“It is actually going to provide the infrastructure that American people want, that they need, that will make our country more prosperous for all Americans, so I hope it’s enough,” he said of Mr. Biden’s clarification. “But I’ll continue to work for the bill.”
For now, the bipartisan deal seems to be having the effect on Democrats that Mr. Biden and party leaders on Capitol Hill were hoping for, as well. Democratic leaders are trying to hold together the narrowest of majorities in the House and the Senate, and some of their most moderate members insisted on trying to find bipartisan common ground on the president’s vast domestic agenda wherever they could.
Pleased that a bipartisan package he helped craft would be moving forward, Senator Joe Manchin III of West Virginia, a key Democratic swing vote, said on Sunday that he was prepared to back a larger bill using the fast-track process to get around Republicans. He said he was “all for” using it to address “human infrastructure” and was willing to raise corporate tax rates to 25 percent from 21 percent, and capital gains taxes to 28 percent for top earners to finance it.
“We’ve worked on the one track and we’re going to work on the second track and there’s a lot of need,” Mr. Manchin said on ABC.
But Mr. Manchin dismissed financing the spending with more debt, as prominent liberals like Senator Bernie Sanders of Vermont have argued. And citing concerns about the nation’s debt, he said the kind of overall price tag Mr. Sanders was pushing was simply too high for him.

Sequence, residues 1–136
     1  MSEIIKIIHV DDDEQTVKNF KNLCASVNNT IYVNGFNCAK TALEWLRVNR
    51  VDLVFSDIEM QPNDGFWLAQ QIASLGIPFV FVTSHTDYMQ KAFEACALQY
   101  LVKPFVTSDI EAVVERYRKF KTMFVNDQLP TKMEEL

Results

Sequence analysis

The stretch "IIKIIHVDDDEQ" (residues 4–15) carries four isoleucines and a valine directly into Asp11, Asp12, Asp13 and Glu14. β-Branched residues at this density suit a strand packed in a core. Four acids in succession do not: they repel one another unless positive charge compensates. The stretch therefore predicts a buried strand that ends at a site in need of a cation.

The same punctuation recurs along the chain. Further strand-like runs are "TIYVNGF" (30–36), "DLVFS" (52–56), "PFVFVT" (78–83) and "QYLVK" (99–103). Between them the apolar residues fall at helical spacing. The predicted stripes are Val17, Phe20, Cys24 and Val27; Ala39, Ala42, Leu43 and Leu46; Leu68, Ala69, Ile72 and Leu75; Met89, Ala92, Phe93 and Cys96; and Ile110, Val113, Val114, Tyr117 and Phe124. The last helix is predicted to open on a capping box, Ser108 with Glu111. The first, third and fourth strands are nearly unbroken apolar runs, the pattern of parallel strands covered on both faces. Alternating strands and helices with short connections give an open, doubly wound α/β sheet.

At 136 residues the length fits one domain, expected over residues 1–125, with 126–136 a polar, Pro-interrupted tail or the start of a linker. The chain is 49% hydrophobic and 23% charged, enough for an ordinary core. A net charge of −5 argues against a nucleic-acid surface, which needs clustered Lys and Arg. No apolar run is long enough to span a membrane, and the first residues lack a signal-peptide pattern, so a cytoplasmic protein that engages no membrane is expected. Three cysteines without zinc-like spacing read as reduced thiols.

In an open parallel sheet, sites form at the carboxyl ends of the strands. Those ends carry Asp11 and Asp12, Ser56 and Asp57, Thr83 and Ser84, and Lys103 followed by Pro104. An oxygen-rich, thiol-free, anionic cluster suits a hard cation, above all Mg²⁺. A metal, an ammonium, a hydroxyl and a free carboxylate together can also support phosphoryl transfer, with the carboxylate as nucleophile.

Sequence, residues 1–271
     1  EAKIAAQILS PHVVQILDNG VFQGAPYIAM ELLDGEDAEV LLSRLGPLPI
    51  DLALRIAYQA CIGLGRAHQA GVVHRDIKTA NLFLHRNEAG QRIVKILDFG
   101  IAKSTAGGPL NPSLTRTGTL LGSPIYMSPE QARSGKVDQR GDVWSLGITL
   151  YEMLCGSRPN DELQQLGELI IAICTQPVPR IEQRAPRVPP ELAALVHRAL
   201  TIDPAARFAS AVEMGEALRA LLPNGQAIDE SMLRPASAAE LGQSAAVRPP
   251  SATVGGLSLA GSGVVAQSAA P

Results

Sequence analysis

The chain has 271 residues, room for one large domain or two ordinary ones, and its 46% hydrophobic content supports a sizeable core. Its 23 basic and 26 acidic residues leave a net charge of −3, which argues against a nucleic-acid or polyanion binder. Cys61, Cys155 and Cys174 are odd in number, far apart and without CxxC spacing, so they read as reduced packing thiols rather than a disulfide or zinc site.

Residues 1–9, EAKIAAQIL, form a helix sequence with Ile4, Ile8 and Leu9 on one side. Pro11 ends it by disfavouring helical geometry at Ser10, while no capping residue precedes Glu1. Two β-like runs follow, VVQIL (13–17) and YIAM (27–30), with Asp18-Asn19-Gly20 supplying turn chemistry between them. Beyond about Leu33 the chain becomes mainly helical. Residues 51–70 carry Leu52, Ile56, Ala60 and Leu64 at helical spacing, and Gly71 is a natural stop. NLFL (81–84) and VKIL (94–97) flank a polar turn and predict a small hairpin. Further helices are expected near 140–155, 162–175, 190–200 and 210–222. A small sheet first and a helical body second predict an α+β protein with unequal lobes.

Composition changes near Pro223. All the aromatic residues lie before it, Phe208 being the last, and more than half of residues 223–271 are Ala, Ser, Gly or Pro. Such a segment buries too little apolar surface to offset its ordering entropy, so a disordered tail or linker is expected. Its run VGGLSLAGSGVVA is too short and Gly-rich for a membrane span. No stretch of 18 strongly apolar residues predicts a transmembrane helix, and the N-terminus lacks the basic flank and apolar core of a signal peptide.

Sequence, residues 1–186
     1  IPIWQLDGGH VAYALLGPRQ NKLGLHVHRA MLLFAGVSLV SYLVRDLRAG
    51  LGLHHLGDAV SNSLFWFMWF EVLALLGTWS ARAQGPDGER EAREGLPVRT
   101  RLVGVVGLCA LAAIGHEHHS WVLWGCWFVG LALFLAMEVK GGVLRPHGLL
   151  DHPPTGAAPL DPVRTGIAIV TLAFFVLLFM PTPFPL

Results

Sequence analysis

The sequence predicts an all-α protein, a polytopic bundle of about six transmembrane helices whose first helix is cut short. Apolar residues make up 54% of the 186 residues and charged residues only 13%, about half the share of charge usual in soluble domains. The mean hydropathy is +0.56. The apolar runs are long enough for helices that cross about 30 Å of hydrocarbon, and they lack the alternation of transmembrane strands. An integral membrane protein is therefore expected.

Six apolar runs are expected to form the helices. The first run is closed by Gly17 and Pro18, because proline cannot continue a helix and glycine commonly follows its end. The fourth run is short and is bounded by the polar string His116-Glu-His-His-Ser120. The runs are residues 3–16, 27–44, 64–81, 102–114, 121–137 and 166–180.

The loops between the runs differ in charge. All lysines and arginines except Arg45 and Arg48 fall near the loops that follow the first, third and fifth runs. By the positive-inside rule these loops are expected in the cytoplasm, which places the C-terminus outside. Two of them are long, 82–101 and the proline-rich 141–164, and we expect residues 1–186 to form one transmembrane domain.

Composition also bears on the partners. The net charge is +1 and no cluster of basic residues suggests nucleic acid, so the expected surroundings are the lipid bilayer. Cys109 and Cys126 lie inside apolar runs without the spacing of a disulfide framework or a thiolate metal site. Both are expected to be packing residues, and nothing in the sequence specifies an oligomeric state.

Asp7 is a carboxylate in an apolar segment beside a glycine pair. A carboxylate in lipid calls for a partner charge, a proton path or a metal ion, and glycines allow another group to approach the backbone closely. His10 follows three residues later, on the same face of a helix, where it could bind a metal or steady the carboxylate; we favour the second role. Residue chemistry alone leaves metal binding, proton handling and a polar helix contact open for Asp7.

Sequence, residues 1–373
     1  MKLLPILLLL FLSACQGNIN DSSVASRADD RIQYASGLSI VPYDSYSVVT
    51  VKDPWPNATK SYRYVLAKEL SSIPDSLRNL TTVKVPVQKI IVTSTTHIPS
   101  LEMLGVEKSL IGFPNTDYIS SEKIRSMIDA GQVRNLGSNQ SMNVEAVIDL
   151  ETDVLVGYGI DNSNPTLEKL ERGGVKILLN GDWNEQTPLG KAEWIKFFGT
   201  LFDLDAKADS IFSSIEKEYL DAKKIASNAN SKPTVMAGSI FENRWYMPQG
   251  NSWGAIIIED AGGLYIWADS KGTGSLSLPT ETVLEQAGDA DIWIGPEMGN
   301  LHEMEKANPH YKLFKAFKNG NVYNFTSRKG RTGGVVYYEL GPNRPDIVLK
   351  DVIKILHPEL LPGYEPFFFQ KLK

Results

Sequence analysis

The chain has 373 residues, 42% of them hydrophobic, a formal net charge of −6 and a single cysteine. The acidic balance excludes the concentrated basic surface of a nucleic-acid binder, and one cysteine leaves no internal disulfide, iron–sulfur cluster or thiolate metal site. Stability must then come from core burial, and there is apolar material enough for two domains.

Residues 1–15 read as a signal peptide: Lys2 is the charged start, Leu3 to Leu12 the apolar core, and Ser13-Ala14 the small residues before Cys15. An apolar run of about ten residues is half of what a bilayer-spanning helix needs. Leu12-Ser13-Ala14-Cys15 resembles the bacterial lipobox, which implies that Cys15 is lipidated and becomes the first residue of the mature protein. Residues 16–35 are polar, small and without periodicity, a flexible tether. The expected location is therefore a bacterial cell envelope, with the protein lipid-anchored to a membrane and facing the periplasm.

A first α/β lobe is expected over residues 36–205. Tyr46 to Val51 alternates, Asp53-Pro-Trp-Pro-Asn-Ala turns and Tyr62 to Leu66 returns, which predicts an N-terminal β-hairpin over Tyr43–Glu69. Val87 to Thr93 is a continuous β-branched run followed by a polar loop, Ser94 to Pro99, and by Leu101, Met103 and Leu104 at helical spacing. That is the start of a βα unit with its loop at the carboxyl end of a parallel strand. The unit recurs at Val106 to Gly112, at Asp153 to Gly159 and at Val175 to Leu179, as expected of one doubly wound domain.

“If Republicans don’t want to make adjustments to a tax code which I think is weighted and unfair, then I’m willing to go reconciliation,” Mr. Manchin said. “But if they think in reconciliation I’m going to throw caution to the wind and go to $5 trillion or $6 trillion when we can only afford $1 trillion or $1.5 trillion or maybe $2 trillion and what we can pay for, then I can’t be there.”
That position foreshadows a bumpy road still ahead for Democrats. With their party’s hold on Washington potentially fleeting, progressives are adamant that this might represent their best and only chance to enact key policy planks like expanded health care access, aggressive climate policy and durable new social programs to support working Americans.
“Frankly, we really need to understand that this is our one big shot, not just in terms of family, child care, Medicare, but on climate change,” Representative Alexandria Ocasio-Cortez, Democrat of New York, said on “Meet the Press.”
Senator Chuck Schumer, Democrat of New York and the majority leader, has said he hopes to pass the bipartisan agreement through the Senate before it departs for the annual August recess, as well as a budget framework that would lay the groundwork for the reconciliation process.
Speaker Nancy Pelosi said last week that the House would then use its leverage to ensure that one bill was not passed without the other. Both chambers would aim to send the bills to Mr. Biden by the end of September.
The White House has agreed to that plan, and on Sunday, Cedric L. Richmond, Mr. Biden’s senior adviser, said it was comfortable leaving the sequencing and legislative haggling to the two congressional leaders.
“The speaker is very capable. The speaker is great,” Mr. Richmond said on CBS’ “Face the Nation.” “And we expect to get two bills to the president’s desk so that he can sign both of them.”
Christopher Cameron contributed reporting.